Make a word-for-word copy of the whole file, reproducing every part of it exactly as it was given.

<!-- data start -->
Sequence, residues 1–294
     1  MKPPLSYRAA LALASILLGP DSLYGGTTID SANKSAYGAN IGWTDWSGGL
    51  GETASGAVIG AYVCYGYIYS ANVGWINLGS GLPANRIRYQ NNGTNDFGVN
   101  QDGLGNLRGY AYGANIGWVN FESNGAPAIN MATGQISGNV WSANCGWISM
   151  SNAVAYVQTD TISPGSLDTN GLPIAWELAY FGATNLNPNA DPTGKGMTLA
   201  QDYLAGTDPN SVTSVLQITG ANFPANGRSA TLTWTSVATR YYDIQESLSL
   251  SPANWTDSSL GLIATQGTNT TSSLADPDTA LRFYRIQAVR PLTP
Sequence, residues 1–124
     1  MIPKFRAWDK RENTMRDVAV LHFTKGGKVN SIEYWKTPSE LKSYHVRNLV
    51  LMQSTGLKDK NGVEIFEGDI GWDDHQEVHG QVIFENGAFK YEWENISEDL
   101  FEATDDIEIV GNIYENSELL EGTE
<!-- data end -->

Sequence, residues 1–294
     1  MKPPLSYRAA LALASILLGP DSLYGGTTID SANKSAYGAN IGWTDWSGGL
    51  GETASGAVIG AYVCYGYIYS ANVGWINLGS GLPANRIRYQ NNGTNDFGVN
   101  QDGLGNLRGY AYGANIGWVN FESNGAPAIN MATGQISGNV WSANCGWISM
   151  SNAVAYVQTD TISPGSLDTN GLPIAWELAY FGATNLNPNA DPTGKGMTLA
   201  QDYLAGTDPN SVTSVLQITG ANFPANGRSA TLTWTSVATR YYDIQESLSL
   251  SPANWTDSSL GLIATQGTNT TSSLADPDTA LRFYRIQAVR PLTP
Sequence, residues 1–124
     1  MIPKFRAWDK RENTMRDVAV LHFTKGGKVN SIEYWKTPSE LKSYHVRNLV
    51  LMQSTGLKDK NGVEIFEGDI GWDDHQEVHG QVIFENGAFK YEWENISEDL
   101  FEATDDIEIV GNIYENSELL EGTE